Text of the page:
A study by researchers at UC Santa Cruz and the Nature Conservancy working in Grenville Bay, Grenada, have now measured the protective role of coral reefs and field-tested a solution that reduces coastal risks by combining innovative engineering with restoration ecology.
Published February 1, 2018 in the Journal of Environmental Management, the study also evaluates one of the first uses of reef restoration as natural infrastructure specifically designed to reduce risks to people and property.
Investigating the link between healthy reefs and shoreline stability, the researchers found that Grenville’s healthy reefs keep more than half of the bay’s coastline intact by reducing the wave energy arriving on shore.
In contrast, severe reef degradation is linked with chronic coastal erosion in the northern section of the bay, where the shoreline is disappearing at a rate of almost two feet annually.
In their attempts to adapt, villagers built makeshift barriers with tires and driftwood to slow the erosion threatening their homes, but these efforts have been largely unsuccessful. The reef restoration project was designed to enhance both the ecological functions of natural reef habitat and its protective effects.
An innovative coral reef restoration project is called At the Water’s Edge (AWE) was the focus of the research. AWE is a community-based initiative led by the Nature Conservancy to increase coastal resilience to climate change.
They created a reef-based breakwater structure (pictured at top) that’s a rare example of reef restoration designed to increase community resilience and decrease vulnerability. The aim is to facilitate the recovery of the coral reef while reducing coastal erosion and flooding.
The reef restoration structure is made from inexpensive and locally-sourced materials by local labor. It’s easy to assemble on-site, and is suitable for high wave energy or hurricane exposure. It’s specifically designed to facilitate marine habitat restoration.
Live coral fragments from the existing reef were placed onto the structure to encourage natural reef growth. This approach is designed to be replicated in small island communities, which are often the most susceptible to the impacts of climate change.
The goal of At the Water’s Edge is to work alongside the governments and communities of small island states to enhance their resilience to climate change by protecting, restoring, and managing marine and coastal ecosystems and strengthening local capacity for adaptation.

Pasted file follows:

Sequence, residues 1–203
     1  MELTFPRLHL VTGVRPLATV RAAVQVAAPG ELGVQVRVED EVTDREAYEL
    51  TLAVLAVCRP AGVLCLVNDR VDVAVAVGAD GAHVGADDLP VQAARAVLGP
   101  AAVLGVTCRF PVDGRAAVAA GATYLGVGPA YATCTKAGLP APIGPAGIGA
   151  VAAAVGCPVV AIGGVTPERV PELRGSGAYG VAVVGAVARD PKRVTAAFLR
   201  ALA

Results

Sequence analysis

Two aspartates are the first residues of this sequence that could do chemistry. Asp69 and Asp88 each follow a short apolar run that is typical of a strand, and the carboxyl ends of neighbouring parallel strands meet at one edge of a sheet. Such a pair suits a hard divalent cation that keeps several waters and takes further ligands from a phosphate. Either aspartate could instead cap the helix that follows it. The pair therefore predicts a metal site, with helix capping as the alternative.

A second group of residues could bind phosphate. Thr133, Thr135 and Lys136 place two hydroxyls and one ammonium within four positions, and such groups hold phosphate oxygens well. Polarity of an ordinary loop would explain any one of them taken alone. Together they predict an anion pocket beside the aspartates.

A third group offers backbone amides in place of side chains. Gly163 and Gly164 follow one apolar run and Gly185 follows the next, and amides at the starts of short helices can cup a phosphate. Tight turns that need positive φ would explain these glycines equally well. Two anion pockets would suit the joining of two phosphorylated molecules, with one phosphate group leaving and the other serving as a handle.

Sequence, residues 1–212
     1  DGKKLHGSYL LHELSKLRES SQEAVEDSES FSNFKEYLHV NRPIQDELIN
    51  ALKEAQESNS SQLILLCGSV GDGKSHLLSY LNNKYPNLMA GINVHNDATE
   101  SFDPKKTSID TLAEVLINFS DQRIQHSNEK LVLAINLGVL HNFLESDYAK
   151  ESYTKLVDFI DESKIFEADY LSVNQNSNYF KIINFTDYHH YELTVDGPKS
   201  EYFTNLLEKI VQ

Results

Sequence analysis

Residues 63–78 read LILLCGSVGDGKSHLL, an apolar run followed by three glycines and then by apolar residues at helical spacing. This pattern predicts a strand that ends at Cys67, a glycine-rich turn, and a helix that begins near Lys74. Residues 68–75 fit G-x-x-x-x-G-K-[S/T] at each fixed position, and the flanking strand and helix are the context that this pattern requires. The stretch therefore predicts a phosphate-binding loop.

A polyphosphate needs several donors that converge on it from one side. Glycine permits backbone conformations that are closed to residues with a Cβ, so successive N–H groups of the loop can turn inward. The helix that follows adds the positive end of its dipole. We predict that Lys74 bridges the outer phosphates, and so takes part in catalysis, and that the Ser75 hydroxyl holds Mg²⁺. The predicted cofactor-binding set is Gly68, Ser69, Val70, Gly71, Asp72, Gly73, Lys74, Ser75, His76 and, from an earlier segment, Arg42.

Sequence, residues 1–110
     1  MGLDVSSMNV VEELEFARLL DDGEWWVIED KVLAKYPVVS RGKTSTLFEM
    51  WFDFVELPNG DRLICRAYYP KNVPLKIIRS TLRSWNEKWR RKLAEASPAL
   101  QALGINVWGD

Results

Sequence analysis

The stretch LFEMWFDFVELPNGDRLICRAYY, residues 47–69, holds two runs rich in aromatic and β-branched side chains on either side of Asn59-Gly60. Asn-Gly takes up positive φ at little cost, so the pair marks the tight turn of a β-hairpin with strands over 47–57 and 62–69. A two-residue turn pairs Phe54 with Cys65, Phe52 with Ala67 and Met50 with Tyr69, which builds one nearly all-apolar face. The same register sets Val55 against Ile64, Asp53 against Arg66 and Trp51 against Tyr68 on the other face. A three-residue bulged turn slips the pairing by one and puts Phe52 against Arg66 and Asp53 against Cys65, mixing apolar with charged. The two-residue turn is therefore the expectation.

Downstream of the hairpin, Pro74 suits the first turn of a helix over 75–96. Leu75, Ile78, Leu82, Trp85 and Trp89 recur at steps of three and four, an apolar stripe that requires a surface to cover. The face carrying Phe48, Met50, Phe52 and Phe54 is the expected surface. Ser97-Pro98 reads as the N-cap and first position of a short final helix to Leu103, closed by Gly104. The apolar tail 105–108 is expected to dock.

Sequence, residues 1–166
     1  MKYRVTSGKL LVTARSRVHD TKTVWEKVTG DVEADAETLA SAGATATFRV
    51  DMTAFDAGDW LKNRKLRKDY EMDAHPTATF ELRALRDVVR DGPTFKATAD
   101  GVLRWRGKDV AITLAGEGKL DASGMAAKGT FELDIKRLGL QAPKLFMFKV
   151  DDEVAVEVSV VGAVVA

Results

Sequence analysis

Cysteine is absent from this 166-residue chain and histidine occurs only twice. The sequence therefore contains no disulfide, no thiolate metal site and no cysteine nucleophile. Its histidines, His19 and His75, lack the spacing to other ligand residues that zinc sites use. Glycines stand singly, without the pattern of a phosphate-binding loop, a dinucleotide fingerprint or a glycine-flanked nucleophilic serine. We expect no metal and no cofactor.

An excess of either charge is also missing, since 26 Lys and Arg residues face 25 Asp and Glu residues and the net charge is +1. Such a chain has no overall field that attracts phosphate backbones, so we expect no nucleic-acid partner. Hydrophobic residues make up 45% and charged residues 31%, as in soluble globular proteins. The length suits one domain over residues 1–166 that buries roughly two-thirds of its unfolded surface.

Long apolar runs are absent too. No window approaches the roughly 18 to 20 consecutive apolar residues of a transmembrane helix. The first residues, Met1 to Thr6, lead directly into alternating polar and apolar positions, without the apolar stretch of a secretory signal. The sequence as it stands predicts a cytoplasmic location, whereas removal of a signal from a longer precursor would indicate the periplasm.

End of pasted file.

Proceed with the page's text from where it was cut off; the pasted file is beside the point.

Across the islands of the Eastern Caribbean, climate change already places intense pressure on human livelihoods and coastal and marine resources. Small islands states contribute very little to global climate change in terms of greenhouse gas emissions. Yet, these nations are the most vulnerable to the impacts from climate change due to their high coastal population densities, limited land space, geographic isolation, scarce freshwater supplies, and significant dependence on tourism and fisheries. These islands now face significant threats from increases in severe storm events, flooding, coastal erosion, drought, saltwater intrusion of coastal aquifers, and bleaching of coral reefs.
Island nations currently use a range of engineered solutions to respond to climate change, (e.g. constructing sea walls, levees, dams and river bank hardening). Although traditional infrastructure is sometimes necessary, it is costly and often destroys natural systems that island residents rely upon for basic services and quality of life, such as food, coastal protection, recreation, water security, and livelihoods.
In the Eastern Caribbean, we have worked with the government and people of Grenada and St. Vincent and the Grenadines for more than a decade, helping strengthen national parks and protected area systems and developing sustainable finance and human capacity for effective environmental management. The At the Water’s Edge (AWE) project builds on these experiences and partnerships to develop, test, and implement ecosystem-based adaptation (EBA) strategies which enhance communities’ resilience, while protecting natural environments.
Photos courtesy of The Nature Conservancy.